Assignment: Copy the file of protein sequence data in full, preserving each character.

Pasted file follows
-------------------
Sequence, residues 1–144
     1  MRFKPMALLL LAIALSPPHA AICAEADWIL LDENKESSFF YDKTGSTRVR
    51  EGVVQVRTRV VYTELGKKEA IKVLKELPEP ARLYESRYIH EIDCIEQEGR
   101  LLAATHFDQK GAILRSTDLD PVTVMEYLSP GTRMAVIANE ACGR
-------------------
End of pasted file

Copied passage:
Sequence, residues 1–144
     1  MRFKPMALLL LAIALSPPHA AICAEADWIL LDENKESSFF YDKTGSTRVR
    51  EGVVQVRTRV VYTELGKKEA IKVLKELPEP ARLYESRYIH EIDCIEQEGR
   101  LLAATHFDQK GAILRSTDLD PVTVMEYLSP GTRMAVIANE ACGR